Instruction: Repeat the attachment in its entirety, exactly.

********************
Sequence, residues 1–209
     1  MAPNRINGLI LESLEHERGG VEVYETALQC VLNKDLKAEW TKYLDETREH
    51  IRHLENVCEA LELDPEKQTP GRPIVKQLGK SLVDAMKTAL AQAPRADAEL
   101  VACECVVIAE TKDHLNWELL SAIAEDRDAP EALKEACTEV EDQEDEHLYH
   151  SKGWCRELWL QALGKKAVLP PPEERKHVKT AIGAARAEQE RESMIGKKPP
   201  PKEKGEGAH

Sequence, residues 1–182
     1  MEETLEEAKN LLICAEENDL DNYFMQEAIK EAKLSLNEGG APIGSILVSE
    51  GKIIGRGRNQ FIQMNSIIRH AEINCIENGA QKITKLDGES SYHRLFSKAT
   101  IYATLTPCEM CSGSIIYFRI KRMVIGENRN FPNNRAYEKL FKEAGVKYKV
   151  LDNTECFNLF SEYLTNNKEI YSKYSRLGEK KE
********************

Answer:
Sequence, residues 1–209
     1  MAPNRINGLI LESLEHERGG VEVYETALQC VLNKDLKAEW TKYLDETREH
    51  IRHLENVCEA LELDPEKQTP GRPIVKQLGK SLVDAMKTAL AQAPRADAEL
   101  VACECVVIAE TKDHLNWELL SAIAEDRDAP EALKEACTEV EDQEDEHLYH
   151  SKGWCRELWL QALGKKAVLP PPEERKHVKT AIGAARAEQE RESMIGKKPP
   201  PKEKGEGAH

Sequence, residues 1–182
     1  MEETLEEAKN LLICAEENDL DNYFMQEAIK EAKLSLNEGG APIGSILVSE
    51  GKIIGRGRNQ FIQMNSIIRH AEINCIENGA QKITKLDGES SYHRLFSKAT
   101  IYATLTPCEM CSGSIIYFRI KRMVIGENRN FPNNRAYEKL FKEAGVKYKV
   151  LDNTECFNLF SEYLTNNKEI YSKYSRLGEK KE